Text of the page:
Determining life expectancy is not an exact science, but over a million Americans each year who turn to hospice care depend on a physician’s clinical judgment so they can live their remaining time in relative comfort. The Medicare hospice benefit, created in 1982, helps patients transition to end-of-life hospice care. A case before the 11th U.S. Circuit Court of Appeals is threatening physicians’ ability to exercise their judgment.
At stake in United States of America v. GGNSC Administrative Services is this question: When can a physician’s clinical judgment regarding a patient’s life expectancy—based on the normal course of a terminal illness—be considered false under the False Claims Act?
In this case, the government alleges that a hospice care center violated the False Claims Act by billing Medicare for services that did not qualify for reimbursement.
Two conditions must be met for a patient’s care to qualify for payment under the Medicare hospice benefit:
- A physician must certify that the patient’s medical condition is such that it appears the patient has less than six months to live
- The medical record must support the physician’s evaluation
The patients in question had the required physician certifications and their doctors testified that their medical records supported this evaluation. However, the government introduced testimony from another physician who claimed that the medical records did not support the certifications stating the patients had less than six months to live.
The trial court found that “something more” than a mere second opinion from another physician was needed to prove that the first doctor’s terminal illness certification was false. On appeal, the government maintained that it only had to show that a physician disagreed with the certifying physicians as to the adequacy of the medical record, and it would be for the jury to determine who was telling the truth.
In defense of the hospice center physicians, the AMA and four hospice and palliative care organizations filed an amicus brief stating that for a physician’s opinion to be deemed false, it must be proved that no reasonable physician could hold that opinion.
Clinical judgment or opinion?
“This case does not involve something as simple as a patient’s weight or body temperature,” said the brief filed by the AMA. “Nor does it involve something as comparatively straightforward as how to lower a patient’s cholesterol. Rather, this case involves something far more complicated.”
When it comes to how long a patient is expected to live, the range of reasonable conclusions can be quite broad, the brief said. That is true for three reasons:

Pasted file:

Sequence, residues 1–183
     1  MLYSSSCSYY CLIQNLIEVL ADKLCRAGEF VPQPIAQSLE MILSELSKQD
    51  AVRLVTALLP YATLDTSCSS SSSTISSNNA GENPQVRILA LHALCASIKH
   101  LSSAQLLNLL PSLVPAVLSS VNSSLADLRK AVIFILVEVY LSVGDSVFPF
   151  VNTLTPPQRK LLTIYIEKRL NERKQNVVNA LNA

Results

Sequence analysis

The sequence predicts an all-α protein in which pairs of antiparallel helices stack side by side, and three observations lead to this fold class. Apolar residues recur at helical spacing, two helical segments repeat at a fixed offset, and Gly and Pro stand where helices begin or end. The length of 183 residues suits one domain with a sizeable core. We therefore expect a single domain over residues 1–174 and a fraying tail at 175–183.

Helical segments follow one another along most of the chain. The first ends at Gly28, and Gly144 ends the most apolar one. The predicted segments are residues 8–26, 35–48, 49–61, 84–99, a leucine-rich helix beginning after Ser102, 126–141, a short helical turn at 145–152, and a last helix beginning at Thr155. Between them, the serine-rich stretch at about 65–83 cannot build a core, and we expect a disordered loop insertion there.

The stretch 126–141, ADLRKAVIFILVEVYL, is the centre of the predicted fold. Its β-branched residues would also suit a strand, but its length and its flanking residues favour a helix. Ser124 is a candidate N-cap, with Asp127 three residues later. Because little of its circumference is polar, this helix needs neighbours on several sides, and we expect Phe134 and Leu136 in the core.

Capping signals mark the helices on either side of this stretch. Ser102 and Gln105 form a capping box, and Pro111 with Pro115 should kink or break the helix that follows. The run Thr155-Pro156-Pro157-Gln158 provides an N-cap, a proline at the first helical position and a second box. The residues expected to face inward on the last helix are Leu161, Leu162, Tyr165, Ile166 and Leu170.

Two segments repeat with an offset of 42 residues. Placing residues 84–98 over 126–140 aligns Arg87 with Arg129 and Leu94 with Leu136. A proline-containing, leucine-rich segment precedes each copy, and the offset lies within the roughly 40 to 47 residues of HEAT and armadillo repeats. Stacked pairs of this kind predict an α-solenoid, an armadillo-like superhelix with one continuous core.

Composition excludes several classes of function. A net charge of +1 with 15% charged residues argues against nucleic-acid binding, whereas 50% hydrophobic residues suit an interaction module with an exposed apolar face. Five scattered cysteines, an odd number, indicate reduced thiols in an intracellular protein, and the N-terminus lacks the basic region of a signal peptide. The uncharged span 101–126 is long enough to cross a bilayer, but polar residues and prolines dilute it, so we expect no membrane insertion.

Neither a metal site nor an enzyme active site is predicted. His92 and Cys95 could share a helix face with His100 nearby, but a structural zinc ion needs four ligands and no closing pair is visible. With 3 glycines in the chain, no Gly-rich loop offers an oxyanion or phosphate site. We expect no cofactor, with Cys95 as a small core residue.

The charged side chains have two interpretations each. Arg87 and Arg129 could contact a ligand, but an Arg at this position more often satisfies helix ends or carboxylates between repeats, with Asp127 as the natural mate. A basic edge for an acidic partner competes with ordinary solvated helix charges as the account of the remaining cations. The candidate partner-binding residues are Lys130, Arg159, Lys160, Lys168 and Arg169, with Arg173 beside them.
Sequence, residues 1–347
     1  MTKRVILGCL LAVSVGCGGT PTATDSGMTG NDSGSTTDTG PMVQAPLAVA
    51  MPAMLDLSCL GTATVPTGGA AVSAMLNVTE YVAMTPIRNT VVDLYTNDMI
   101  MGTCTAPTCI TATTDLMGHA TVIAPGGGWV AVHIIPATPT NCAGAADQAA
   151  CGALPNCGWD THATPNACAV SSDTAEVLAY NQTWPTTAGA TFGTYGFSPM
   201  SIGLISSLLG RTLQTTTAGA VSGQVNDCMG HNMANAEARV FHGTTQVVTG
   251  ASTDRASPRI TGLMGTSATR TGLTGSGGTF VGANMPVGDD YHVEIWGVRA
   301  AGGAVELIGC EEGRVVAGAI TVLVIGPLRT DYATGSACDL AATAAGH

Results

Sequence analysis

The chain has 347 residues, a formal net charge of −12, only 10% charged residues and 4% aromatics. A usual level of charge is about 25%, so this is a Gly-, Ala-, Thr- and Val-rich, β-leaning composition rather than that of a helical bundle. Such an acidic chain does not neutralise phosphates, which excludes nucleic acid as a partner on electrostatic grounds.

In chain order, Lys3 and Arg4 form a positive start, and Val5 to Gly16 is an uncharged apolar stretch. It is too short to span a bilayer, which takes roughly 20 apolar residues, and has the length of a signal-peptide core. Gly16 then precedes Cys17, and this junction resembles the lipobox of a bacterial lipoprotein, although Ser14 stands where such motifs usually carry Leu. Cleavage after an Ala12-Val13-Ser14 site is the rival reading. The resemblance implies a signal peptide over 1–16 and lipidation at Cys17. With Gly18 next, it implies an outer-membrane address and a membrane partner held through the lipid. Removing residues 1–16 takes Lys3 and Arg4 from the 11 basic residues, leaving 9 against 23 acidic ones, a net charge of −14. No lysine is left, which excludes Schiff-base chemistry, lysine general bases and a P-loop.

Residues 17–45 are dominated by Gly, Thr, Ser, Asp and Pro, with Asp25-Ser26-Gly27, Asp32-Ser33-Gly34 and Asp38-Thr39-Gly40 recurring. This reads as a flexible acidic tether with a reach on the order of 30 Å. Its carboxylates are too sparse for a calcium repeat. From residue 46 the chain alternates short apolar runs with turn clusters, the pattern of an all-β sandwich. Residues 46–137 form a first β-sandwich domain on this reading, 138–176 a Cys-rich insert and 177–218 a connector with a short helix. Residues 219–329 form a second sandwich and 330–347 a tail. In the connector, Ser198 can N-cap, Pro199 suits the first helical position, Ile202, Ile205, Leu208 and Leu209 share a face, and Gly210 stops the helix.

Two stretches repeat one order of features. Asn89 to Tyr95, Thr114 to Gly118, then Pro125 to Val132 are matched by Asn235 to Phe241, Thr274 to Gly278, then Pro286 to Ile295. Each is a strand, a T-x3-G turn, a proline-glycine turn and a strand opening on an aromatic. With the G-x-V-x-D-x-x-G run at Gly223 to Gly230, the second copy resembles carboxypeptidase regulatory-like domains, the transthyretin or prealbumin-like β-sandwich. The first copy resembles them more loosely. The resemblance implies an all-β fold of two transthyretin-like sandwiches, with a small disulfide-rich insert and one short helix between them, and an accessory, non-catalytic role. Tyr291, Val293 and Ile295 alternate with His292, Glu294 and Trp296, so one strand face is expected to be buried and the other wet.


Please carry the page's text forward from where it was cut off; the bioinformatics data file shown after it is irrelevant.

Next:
- Assessing a patient’s life expectancy is a judgment about the future, and there is uncertainty in any prediction. The Medicare statute and regulations demand only that a prognosis be based on an illness’ “normal course.”
- Numerous factors may influence when a person will die, making a patient’s life expectancy especially challenging to predict. That is why the Medicare statute and regulations ask only that physicians exercise their best “clinical judgment” in certifying that a patient has a six-month prognosis.
- Personal knowledge of a patient, especially information gleaned from face-to-face consultations, can be difficult to reduce to writing. Because that is the case, the determination of a physician reviewing only the written record—often years later—may well differ from the prognosis of a physician who actually saw the patient in person or consulted with clinical professionals who did. That is why the Medicare regulations require only that each certification be accompanied by documentation that “support[s]” the prognosis.
The text of the Medicare statute and regulations reflect “the fact that making medical prognostications of life expectancy is not always exact.” In 2000, Congress amended the statute to clarify that certification of a patient as terminally ill “shall be based on the physician’s or medical director’s clinical judgment.”
Clinical judgment means trusting the discretion of a certified professional and trusting that a physician is making a decision to the best of his or her ability and in the best interest of the patient. Patients in hospice care will often live longer than six months after being deemed “terminally ill.”
If the testimony of a single physician who did not have face-to-face consultations with the patients, but rather formed a judgment based solely on written documents is allowed to overturn the testimony of several physicians who did meet with the patients and created the written documents, hospice benefits for future terminally ill patients could be denied.